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Crop Protection

Sharon Warburg
Mosaab Yahyaa
Tamar Lahav
Shlomit Medina
Shiri Freilich
Shira Gal
Eric Palevsky
Moshe Inbar
Mwafaq Ibdah

Under reduced solar UV radiation, such as in polycarbonate-covered nurseries, the two-spotted spider mite Tetranychus urticae is a major pest of all citrus cultivars, while under natural solar radiation, only sensitive cultivars are infested. We hypothesized that citrus resistance to T. urticae is induced by UV. We infested seedlings of Citrus volkameriana rootstock with T. urticae under natural and under UV-screened solar radiation, along with non-infested control seedlings. We then monitored the establishment of the spider mites and analyzed the volatile leaf profile using GC-MS. The density of spider mites was reduced dramatically on seedlings exposed to solar UV. Overall, ninety volatile compounds (47 monoterpenes, 35 sesquiterpenes, and 8 aldehydes) were detected in the leaves, many of them known to be herbivore-induced and/or UV enhanced. Their levels were affected not only by solar UV radiation or by mite infestation independently. Synergistic interaction of these two factors resulted in 90% of the volatiles suppressed by T. urticae infestation in the absence of UV radiation. This suggests that plant induced resistance is dependent on exposure to UV radiation.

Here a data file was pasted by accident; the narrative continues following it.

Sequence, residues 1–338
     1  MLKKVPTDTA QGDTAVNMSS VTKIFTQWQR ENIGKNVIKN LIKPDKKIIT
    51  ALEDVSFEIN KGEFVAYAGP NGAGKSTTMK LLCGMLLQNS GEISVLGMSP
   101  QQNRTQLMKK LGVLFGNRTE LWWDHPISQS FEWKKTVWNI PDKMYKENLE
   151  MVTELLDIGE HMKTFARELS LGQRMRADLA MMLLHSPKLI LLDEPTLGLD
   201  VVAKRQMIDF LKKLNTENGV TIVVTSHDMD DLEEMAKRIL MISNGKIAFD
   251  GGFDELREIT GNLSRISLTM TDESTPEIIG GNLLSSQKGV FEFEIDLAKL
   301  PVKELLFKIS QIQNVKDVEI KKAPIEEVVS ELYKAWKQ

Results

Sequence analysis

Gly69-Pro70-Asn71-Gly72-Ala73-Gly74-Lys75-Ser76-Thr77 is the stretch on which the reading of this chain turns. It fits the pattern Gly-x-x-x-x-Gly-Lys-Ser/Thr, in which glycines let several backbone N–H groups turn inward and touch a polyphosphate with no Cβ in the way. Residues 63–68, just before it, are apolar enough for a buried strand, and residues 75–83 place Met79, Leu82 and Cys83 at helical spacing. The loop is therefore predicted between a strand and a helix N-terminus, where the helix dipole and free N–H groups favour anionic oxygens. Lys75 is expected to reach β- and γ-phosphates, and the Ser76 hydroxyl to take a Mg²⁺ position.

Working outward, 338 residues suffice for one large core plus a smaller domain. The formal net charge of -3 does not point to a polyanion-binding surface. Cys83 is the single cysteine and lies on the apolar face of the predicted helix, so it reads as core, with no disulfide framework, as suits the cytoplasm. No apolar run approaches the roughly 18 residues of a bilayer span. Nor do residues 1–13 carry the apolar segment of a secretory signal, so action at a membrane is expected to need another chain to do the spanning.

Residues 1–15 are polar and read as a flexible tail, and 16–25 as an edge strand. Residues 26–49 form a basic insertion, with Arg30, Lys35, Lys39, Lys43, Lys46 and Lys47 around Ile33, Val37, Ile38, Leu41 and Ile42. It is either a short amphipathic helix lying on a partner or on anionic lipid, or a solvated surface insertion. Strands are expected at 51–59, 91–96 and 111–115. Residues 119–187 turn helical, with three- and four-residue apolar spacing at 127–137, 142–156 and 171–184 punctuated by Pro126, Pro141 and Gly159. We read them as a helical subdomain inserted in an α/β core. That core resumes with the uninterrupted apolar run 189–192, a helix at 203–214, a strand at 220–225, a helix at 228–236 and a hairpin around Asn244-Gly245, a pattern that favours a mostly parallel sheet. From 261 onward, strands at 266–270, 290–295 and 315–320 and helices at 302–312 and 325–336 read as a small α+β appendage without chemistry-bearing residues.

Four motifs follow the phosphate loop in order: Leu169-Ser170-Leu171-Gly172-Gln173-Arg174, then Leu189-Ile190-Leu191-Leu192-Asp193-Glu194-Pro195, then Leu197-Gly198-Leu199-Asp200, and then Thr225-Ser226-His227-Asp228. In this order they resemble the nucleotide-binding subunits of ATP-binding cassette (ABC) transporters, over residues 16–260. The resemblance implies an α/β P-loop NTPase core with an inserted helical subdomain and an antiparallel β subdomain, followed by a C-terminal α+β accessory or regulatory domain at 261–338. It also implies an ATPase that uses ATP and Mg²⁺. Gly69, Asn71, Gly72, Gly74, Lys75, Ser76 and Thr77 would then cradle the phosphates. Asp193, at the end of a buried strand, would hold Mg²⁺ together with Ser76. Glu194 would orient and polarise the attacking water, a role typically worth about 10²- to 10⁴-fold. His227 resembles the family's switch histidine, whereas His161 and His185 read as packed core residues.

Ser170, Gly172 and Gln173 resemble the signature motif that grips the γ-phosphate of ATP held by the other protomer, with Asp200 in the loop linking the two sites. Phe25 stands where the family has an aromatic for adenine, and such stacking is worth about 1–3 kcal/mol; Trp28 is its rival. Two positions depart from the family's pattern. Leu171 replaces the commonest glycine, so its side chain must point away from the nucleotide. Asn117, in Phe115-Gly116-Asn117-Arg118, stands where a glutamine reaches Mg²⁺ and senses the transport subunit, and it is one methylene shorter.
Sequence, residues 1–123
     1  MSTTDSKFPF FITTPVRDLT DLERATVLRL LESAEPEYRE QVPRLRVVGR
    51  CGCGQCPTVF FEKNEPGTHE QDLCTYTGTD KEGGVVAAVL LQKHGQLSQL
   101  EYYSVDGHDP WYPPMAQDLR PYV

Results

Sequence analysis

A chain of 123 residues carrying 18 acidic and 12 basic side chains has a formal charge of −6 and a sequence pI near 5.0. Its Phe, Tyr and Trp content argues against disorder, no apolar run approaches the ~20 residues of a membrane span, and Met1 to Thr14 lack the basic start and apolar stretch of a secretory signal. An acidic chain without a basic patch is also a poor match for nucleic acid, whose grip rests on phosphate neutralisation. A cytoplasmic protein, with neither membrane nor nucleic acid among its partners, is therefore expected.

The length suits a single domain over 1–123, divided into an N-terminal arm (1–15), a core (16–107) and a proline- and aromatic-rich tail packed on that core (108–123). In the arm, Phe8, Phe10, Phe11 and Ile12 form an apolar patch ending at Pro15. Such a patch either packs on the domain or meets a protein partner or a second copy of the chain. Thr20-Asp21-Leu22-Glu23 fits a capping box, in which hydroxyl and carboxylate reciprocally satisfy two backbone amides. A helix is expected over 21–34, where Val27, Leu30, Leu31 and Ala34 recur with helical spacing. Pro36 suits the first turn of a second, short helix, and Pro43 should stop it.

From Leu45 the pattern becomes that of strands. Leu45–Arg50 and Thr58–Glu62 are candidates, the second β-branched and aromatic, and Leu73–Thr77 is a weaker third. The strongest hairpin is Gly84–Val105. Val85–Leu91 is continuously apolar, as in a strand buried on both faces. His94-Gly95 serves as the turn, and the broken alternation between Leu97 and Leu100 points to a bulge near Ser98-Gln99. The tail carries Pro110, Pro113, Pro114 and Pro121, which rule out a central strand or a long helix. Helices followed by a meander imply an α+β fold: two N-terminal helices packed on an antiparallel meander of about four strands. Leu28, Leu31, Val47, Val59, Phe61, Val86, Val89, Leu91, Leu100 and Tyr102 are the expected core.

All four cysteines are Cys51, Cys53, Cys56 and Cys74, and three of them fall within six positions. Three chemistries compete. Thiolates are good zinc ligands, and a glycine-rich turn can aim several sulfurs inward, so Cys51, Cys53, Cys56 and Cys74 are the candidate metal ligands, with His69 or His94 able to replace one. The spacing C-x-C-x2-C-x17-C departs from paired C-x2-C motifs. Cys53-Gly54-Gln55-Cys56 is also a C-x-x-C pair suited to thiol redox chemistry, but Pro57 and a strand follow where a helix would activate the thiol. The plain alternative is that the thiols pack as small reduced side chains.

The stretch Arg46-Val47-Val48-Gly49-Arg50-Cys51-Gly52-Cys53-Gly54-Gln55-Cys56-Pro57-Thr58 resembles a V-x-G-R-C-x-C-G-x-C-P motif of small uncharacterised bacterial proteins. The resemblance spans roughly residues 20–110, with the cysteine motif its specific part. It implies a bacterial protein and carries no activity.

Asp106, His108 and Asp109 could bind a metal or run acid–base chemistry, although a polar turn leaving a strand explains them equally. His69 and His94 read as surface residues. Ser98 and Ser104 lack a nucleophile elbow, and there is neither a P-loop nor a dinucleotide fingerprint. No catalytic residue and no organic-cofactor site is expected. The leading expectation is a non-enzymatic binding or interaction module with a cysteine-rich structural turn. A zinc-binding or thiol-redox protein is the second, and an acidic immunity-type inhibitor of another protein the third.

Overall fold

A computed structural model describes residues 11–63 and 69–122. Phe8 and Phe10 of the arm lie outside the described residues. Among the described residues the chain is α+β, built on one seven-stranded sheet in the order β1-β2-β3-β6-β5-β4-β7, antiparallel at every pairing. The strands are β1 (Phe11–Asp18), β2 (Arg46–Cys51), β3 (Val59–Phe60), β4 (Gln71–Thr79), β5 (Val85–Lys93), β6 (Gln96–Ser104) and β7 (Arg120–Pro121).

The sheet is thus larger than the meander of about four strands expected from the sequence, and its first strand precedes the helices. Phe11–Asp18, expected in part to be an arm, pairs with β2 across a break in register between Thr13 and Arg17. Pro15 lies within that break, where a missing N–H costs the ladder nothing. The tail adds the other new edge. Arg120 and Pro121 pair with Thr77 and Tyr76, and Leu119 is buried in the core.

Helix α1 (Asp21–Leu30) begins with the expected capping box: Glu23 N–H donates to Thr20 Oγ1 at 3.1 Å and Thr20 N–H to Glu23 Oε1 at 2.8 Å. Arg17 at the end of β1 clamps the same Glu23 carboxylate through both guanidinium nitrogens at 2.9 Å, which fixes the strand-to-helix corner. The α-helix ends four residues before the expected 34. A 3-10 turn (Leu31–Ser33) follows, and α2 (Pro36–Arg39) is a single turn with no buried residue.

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UV-induced citrus resistance to spider mites (Tetranychus urticae)
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Sharon Warburg
Mosaab Yahyaa
Tamar Lahav
Shlomit Medina
Shiri Freilich
Shira Gal
Eric Palevsky
Moshe Inbar
Mwafaq Ibdah

UV-induced citrus resistance to spider mites (Tetranychus urticae)

Under reduced solar UV radiation, such as in polycarbonate-covered nurseries, the two-spotted spider mite Tetranychus urticae is a major pest of all citrus cultivars, while under natural solar radiation, only sensitive cultivars are infested. We hypothesized that citrus resistance to T. urticae is induced by UV. We infested seedlings of Citrus volkameriana rootstock with T. urticae under natural and under UV-screened solar radiation, along with non-infested control seedlings. We then monitored the establishment of the spider mites and analyzed the volatile leaf profile using GC-MS. The density of spider mites was reduced dramatically on seedlings exposed to solar UV. Overall, ninety volatile compounds (47 monoterpenes, 35 sesquiterpenes, and 8 aldehydes) were detected in the leaves, many of them known to be herbivore-induced and/or UV enhanced. Their levels were affected not only by solar UV radiation or by mite infestation independently. Synergistic interaction of these two factors resulted in 90% of the volatiles suppressed by T. urticae infestation in the absence of UV radiation. This suggests that plant induced resistance is dependent on exposure to UV radiation.

Scientific Publication
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